Republican Sen. Joni Ernst of Iowa introduced three bills Wednesday to reform the federal bureaucracy, saying that many who work for the government “need a reminder” about their purpose.
The bills would reform the bureaucracy by moving agencies out of the Washington, D.C., area and establish a commission to reduce the burden of regulations on Americans. The legislative package also includes a bill to address abuses of telework, which Ernst raised as an issue in August, citing a number of instances where federal employees played golf or attended happy hours when they were supposed to be working. (RELATED: ‘Believe It Now’: Kayleigh McEnany Says Hunter Biden Laptop Letter Proves ‘Deep State’ Is Real)
“Biden’s bureaucrats are writing regulations and bogging down households, family farms, and small businesses with arbitrary rules,” Ernst said in a statement provided to the Daily Caller News Foundation. “I’m draining the swamp and reining in the administrative state that has run unchecked at the taxpayer’s expense. Bureaucrats need a reminder of exactly who they are serving. That’s why I’m working to get government beyond the beltway bubble, scrub regulations, and hold unelected bureaucrats accountable.”
The bills Ernst introduced include the Strategic Withdrawal of Agencies for Meaningful Placement (SWAMP) Act, which would move the headquarters of government agencies outside of Washington, D.C.; the Searching for and Cutting Regulations that are Unnecessarily Burdensome (SCRUB) Act, which calls for a commission that would seek to reduce the burden of federal regulations by 15%; and the Stopping Home Office Work’s Unproductive Problems (SHOW UP) Act, which would address the issues raised with telework.
Ernst cited a media account of a Department of Veterans Affairs employee who attended a staff meeting while taking a bubble bath as one of her reasons for seeking to reform the use of telework for federal agencies. The Biden administration proposed new regulations on water heaters in July, following an effort earlier this year to regulate gas stoves.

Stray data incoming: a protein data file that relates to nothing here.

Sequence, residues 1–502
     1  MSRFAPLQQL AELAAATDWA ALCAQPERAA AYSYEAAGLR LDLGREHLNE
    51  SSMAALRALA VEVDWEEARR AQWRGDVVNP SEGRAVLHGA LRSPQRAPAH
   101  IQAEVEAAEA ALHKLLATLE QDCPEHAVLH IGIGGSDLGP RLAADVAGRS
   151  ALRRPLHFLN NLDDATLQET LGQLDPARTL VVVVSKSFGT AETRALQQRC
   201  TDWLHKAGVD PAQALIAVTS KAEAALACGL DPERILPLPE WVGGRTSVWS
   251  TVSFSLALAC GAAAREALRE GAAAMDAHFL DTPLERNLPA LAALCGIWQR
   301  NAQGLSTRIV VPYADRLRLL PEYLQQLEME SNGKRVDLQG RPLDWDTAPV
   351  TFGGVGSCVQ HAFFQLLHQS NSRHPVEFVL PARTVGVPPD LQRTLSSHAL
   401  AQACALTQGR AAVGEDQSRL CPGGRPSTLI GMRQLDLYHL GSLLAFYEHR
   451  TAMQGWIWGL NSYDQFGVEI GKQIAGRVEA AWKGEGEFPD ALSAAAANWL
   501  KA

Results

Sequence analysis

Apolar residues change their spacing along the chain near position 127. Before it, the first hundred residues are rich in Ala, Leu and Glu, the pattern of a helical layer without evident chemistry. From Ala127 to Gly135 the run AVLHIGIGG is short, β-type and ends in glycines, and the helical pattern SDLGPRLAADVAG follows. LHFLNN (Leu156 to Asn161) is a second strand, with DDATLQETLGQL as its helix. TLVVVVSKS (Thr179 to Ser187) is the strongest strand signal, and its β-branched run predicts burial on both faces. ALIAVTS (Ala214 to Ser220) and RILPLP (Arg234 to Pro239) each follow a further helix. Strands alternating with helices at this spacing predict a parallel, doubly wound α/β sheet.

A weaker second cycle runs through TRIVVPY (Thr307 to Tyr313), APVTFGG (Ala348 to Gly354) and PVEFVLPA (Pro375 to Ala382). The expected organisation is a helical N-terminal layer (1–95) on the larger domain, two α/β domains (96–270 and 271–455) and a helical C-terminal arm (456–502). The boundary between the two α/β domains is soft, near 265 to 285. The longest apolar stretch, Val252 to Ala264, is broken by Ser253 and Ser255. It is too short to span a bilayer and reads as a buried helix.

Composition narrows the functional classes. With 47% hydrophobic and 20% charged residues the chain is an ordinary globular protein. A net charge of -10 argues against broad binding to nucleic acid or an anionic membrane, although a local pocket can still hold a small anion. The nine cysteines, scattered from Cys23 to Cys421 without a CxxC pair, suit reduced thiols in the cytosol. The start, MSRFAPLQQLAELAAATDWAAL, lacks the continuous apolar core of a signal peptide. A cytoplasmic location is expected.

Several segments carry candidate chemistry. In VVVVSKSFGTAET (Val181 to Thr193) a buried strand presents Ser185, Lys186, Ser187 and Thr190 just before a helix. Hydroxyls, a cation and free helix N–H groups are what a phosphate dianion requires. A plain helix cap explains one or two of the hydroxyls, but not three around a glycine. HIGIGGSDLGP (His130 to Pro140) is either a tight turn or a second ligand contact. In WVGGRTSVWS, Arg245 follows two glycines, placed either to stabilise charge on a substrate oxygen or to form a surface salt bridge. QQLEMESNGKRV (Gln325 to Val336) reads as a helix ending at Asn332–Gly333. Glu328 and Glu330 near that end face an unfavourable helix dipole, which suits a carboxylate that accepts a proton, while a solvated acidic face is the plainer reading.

Congress passed a resolution disapproving of new regulations on the trucking industry, which were 80% stricter than current standards, in May, but President Biden vetoed the resolution, claiming the resolution “would take us backwards in our fight against air pollution.” Economic and energy experts have criticized Biden’s hostility to fossil fuel production, which some say has caused higher energy prices.
“There’s no denying Washington’s administrative state is unresponsive to the needs of real Americans,” Ernst told the DCNF. “I’ve had enough of Biden’s bureaucrats writing regulations and bogging down households, family farms, and small businesses with arbitrary rules. That’s why I’m working to get government beyond the beltway bubble, bring decision-making closer to Americans, scrub regulations, and hold unelected bureaucrats accountable. Washington, consider this your final wake-up call: the swamp is about to be drained.”
Ernst also signed on to an amicus brief in Loper Bright Enterprises v. Raimondo, a case pending before the Supreme Court that could end the so-called “Chevron doctrine.” The “Chevron doctrine” requires courts to grant a level of deference to administrative actions, according to Cornell University’s Legal Information Institute.
The White House did not immediately respond to the DCNF’s request for comment.
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